The Asus Padfone is a superb example of an idea that could well have stayed in the design and R & D labs. Kudos to Asus for showing just what is possible in the Android environment. Without taking away anything from this concept, one must be wondering what wonderful toys are lurking in their Windows 8 testing room.

Our local contacts have left the Asus Padfone with us for a few more days, so there is an opportunity to test or demonstrate a few more things for you and create more content around your feedback. Let us know what other details you’re interested in and we’ll come up with a few more segments around your comments.

Look forward to hearing from you!

CES 2012: Samsung Galaxy Note Smartphone

One of the more intriguing products to come out of the CES was one that has already been released overseas  but hasn’t yet seen the light of day in either the US or Australia. This was the new Samsung phone, the Galaxy Note, a Smartphone that straddles the space between phone and tablet – and does it very well.

For creative types and business people on the go, the Galaxy Note could be the answer to Multiple Device Syndrome.

Sales in the regions where it’s been released has now reached over 1 million units, so it certainly has found success so far in Europe, India and parts of Asia. With the Note expecting to be released early this year in the States and Australia, it was worth visiting the Samsung stands to have a look.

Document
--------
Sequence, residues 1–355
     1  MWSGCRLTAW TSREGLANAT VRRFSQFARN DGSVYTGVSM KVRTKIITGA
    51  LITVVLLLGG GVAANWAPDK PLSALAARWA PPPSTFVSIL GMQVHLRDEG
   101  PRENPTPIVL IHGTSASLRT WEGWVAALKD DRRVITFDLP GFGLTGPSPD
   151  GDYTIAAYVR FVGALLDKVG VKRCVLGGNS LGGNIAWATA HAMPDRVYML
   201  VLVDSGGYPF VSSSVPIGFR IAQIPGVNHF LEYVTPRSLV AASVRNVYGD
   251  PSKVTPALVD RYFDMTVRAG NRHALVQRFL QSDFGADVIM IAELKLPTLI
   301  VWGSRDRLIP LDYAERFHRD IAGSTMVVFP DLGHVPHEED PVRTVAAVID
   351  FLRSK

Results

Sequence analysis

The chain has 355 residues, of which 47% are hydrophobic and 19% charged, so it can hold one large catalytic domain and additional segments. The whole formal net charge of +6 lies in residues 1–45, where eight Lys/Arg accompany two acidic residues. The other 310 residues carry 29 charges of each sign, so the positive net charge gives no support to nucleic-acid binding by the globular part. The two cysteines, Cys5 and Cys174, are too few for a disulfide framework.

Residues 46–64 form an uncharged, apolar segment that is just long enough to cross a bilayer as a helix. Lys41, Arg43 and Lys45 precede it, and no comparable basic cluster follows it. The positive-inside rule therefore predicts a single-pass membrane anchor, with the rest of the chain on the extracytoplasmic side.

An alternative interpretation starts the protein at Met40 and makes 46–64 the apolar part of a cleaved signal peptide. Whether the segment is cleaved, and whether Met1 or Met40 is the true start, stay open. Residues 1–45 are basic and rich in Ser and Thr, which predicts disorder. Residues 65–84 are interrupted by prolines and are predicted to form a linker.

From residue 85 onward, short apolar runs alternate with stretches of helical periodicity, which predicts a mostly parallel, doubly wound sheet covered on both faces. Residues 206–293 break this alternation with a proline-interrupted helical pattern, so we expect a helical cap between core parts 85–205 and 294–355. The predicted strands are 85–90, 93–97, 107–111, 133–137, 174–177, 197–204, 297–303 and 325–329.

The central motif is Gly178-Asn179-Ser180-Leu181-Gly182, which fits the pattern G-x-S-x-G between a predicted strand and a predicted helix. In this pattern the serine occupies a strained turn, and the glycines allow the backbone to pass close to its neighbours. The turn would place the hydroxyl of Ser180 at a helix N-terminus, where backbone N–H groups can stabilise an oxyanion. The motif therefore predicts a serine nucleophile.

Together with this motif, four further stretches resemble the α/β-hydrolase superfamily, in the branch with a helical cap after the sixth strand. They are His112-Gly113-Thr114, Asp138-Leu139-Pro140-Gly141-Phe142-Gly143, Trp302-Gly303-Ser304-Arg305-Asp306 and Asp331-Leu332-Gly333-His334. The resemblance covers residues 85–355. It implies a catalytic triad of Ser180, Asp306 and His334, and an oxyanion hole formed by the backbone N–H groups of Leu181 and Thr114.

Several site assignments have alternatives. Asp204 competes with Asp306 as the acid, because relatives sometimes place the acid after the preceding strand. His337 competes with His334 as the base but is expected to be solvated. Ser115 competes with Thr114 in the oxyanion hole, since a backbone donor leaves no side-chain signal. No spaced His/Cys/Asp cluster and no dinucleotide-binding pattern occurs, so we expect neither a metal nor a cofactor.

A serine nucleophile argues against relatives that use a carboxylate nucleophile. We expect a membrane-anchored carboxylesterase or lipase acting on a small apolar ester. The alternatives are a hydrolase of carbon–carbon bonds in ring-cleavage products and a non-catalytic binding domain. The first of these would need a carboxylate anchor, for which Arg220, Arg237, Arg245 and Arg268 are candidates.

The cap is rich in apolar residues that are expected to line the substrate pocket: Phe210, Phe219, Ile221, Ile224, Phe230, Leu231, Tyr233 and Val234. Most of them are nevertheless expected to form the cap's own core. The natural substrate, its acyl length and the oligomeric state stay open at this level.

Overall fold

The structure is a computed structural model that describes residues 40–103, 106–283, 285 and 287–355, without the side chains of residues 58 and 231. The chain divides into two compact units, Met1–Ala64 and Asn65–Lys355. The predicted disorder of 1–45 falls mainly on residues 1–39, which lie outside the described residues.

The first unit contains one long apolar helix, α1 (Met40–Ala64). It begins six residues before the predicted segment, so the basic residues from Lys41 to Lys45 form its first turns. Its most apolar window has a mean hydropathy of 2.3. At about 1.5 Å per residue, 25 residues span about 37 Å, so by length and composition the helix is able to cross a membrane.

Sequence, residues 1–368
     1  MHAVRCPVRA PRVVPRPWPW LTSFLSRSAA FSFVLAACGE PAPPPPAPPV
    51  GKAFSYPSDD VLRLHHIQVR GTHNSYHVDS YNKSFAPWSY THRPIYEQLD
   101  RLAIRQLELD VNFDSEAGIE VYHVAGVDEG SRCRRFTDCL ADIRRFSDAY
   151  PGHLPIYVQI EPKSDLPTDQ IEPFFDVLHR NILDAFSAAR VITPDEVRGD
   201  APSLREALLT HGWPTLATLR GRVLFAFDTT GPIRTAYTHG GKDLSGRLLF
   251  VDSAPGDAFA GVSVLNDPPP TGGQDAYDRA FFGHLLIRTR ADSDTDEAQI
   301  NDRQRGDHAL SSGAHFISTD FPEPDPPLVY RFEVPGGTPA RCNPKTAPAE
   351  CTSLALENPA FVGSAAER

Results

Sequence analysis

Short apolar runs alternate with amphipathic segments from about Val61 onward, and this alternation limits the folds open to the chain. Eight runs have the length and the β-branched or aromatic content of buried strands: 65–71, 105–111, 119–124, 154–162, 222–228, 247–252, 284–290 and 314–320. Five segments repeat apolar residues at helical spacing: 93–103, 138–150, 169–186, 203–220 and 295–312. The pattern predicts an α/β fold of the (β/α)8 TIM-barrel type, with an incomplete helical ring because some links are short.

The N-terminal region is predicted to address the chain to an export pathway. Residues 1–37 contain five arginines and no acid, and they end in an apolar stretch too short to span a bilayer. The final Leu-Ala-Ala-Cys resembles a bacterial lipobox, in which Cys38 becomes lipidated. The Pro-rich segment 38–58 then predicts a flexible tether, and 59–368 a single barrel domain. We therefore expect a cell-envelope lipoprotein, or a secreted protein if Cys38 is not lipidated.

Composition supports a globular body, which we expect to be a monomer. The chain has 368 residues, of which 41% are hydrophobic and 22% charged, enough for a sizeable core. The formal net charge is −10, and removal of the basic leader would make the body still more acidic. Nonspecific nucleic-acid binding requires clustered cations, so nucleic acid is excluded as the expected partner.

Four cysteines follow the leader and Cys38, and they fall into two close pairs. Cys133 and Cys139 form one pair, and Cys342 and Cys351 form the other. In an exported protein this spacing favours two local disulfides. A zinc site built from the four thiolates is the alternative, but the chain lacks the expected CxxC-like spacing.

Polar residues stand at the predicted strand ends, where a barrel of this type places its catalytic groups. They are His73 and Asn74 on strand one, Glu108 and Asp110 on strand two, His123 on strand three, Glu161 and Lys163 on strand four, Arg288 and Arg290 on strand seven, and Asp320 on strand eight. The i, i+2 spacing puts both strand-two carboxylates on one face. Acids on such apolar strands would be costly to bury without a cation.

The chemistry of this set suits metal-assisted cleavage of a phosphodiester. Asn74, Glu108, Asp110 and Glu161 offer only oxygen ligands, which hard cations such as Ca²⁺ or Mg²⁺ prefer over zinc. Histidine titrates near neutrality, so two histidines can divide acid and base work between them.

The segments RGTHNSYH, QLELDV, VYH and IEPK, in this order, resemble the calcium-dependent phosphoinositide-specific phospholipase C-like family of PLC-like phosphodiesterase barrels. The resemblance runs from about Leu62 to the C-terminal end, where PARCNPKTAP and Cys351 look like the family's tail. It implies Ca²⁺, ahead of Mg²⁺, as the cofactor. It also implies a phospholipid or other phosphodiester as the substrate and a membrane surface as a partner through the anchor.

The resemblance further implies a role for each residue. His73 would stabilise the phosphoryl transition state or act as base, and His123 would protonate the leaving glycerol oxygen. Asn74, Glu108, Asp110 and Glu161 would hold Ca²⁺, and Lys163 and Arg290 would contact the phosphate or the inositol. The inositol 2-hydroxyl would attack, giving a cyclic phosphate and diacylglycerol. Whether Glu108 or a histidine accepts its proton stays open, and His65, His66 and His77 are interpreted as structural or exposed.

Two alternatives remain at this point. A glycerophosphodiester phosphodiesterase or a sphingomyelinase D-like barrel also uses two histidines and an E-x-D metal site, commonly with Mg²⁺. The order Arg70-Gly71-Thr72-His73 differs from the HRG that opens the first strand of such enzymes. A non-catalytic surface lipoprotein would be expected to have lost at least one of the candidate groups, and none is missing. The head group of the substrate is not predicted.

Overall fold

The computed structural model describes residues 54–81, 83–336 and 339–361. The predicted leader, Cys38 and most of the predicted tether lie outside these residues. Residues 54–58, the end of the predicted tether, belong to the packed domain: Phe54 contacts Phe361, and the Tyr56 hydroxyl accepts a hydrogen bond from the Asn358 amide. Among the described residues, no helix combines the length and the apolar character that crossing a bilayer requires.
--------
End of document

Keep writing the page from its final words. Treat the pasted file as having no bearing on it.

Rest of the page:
Samsung’s stand was massive at the CES, and a large portion of it was devoted to the Galaxy Note – there must have been over two dozen working units for people to play with. In addition to the stand, Samsung had set up a separate booth in another area of the convention centre where freehand artists were using Galaxy Notes to sketch up caricatures of attendees. I would have loved to have done that just for this article, but the line was unbelievably long.

So what makes this new Samsung phone so different that it has captivated such an audience? To start with, there is no tablet or Smartphone quite like it. From the screen to the stylus, it has managed to position itself away from any direct competition and sell itself on unique propositions.

Depending on how you look at it/use it, it’s either the largest mobile phone in the world, or the world’s smallest tablet. The screen size, at 5.3 inches, actually negates the need for a secondary device when you’re out and about. This is because the actual quality of the display is enhanced by the very first HD Super AMOLED screen on the market.